The U.S. Senate Finance Committee held the first of its two hearings on the supply chains for a variety of products vital to the response to the COVID-19 pandemic. While electoral politics were on full display during the hearing, a recurrent theme was the need to bring supply chains back to the Western Hemisphere as a solution to the fraudulent products shipped to the U.S. from Hong Kong and China.
The first hearing featured three officers at U.S. federal agencies. Committee Chairman Chuck Grassley (R-Iowa) said the second hearing, scheduled for July 30, would feature witnesses from the private sector. Grassley said that while the pandemic “has exposed several vulnerabilities of our medical supply chain,” some of these were already an issue prior to the onset of the pandemic.
Grassley said he and Ranking Member Ron Wyden (D-Ore.) had been looking into the counterfeit medical products issue before the pandemic, identifying China and Hong Kong as the two most conspicuous sources of counterfeit and poor-quality health care products. Grassley said China manufactures roughly 40% of global personal protective equipment (PPE) volume, adding that Beijing had scoured the globe for supplies of PPE even as it downplayed the threat posed by the SARS-CoV-2 virus.
Wyden blamed the Trump administration for the impact of the pandemic, adding the federal government’s response to attacks on a federal courthouse in Portland, Ore., as an example of skewed priorities at the White House. “The reason Americans are suffering because Donald Trump refuses to exercise leadership,” Wyden said.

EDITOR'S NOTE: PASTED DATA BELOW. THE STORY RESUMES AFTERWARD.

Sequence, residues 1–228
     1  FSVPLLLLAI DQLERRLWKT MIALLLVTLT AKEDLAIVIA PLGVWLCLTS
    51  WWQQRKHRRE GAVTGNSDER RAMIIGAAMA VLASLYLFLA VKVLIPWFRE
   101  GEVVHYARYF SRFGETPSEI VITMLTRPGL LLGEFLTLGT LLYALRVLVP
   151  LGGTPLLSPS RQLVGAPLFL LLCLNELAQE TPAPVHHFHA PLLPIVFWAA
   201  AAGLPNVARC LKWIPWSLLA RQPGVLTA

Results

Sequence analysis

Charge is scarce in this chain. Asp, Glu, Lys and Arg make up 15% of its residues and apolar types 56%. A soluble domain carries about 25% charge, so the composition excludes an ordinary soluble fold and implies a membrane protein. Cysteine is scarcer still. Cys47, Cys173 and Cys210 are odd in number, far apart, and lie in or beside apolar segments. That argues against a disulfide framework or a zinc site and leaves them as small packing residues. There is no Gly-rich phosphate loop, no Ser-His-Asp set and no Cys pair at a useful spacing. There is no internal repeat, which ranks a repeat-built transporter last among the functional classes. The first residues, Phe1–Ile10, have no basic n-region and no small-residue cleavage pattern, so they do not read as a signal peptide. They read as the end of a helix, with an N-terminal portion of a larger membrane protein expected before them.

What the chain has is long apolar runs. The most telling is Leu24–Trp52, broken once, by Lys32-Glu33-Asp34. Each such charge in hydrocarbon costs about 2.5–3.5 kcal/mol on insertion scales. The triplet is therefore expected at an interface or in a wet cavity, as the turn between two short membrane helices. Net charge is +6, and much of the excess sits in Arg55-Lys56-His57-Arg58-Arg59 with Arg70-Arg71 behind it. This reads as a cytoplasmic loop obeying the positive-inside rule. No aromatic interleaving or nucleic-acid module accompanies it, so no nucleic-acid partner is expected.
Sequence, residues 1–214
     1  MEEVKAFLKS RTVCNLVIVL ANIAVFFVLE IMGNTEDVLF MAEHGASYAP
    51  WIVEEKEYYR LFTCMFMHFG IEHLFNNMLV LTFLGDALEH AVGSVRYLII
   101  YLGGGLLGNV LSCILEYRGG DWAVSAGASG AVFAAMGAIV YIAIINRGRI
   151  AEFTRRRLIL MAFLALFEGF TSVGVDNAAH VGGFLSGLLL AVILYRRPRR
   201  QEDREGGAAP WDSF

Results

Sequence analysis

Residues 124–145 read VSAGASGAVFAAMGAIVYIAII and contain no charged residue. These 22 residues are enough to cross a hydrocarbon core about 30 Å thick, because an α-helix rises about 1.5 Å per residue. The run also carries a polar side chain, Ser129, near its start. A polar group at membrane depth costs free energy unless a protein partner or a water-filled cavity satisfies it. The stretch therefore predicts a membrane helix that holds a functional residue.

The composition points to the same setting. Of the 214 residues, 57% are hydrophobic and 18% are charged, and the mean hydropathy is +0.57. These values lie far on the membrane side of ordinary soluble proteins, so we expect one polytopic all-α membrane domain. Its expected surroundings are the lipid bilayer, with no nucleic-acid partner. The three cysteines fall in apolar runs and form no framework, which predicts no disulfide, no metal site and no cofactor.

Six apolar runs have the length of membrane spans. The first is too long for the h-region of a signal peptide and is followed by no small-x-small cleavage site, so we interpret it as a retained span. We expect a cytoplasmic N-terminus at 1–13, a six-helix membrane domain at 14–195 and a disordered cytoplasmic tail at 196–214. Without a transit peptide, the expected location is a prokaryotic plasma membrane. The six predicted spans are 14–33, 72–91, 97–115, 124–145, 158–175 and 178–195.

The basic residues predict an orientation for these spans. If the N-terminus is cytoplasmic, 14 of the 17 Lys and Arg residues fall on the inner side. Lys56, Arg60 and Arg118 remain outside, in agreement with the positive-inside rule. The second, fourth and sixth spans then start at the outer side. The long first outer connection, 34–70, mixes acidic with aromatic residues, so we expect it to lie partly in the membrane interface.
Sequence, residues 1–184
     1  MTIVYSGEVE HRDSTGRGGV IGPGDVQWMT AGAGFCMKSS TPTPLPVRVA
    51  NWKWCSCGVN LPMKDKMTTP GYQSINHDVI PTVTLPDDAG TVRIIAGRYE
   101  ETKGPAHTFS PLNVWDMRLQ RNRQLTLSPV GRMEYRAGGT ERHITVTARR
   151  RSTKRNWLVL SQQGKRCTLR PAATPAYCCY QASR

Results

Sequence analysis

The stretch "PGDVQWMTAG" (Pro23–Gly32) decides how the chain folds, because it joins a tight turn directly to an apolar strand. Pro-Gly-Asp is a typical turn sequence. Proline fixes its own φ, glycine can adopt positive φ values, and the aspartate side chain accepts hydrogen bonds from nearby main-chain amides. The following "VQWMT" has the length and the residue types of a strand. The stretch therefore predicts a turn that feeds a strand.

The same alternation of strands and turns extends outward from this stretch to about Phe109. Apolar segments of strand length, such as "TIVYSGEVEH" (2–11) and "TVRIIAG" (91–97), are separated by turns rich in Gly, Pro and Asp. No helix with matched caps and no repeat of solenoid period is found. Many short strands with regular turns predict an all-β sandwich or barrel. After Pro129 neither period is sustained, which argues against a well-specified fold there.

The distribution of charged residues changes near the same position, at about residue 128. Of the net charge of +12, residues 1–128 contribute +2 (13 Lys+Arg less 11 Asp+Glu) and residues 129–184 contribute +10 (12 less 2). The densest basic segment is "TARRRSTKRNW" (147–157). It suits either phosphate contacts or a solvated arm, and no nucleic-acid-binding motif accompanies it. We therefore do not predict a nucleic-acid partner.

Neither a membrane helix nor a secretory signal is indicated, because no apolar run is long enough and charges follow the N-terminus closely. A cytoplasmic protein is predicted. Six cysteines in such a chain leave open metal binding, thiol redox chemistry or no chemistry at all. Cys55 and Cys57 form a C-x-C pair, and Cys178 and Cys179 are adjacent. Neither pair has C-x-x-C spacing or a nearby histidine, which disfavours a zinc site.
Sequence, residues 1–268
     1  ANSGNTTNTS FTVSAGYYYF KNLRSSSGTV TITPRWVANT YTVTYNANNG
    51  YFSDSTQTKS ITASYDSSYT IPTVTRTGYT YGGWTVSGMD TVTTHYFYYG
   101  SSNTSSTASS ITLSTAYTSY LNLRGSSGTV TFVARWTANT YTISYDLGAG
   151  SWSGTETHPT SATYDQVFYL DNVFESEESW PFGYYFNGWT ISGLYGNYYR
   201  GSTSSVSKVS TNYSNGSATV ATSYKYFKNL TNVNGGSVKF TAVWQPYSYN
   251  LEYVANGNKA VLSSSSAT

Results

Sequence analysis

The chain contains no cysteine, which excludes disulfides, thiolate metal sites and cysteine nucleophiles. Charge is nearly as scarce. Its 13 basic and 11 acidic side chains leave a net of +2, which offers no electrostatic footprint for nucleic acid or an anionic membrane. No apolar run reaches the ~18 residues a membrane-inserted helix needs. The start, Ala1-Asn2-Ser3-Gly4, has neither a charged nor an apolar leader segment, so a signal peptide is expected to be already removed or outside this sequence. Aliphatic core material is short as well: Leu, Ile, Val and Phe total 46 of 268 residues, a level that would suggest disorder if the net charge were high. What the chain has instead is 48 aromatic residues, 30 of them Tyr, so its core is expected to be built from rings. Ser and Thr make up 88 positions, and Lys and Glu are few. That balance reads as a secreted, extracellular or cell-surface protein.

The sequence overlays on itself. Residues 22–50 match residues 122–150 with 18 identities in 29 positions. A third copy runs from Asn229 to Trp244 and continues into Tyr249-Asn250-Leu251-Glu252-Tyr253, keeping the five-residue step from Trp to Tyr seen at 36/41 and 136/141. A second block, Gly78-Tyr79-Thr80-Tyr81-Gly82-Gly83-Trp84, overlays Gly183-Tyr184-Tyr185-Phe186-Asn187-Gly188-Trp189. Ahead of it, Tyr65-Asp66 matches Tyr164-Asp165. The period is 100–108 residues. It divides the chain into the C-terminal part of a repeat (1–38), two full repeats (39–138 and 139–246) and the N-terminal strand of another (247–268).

Berry Amendment a statutory mandate for return
Sen. Rob Portman (R-Ohio) argued that PPE production should at least be returned to the Western Hemisphere, if not to the U.S. He said the Berry Amendment, which came into existence in 1941 as part of Department of Defense appropriations legislation, requires that federal government procurement rely on resources located in the Western Hemisphere when domestic sources are exhausted or at capacity.
Portman also said that executives have argued that they need some certainty that any investments in expanded production won’t ultimately be a loss, adding that many federal contracts for PPE are at present only 90-day contracts. “If we want to bring it back, there’s a simple way to do it,” he said of PPE manufacturing, by offering longer procurement contracts.
Soraya Correa, chief procurement officer at the U.S. Department of Homeland Security (DHS), said the department has “a very robust small business program” for procurement. However, she said Congress could help the DHS procurement effort by making permanent the Commercial Solutions Opening pilot program. Correa said the more information the federal government can offer manufacturers about longer term needs, “the better they can respond to that.”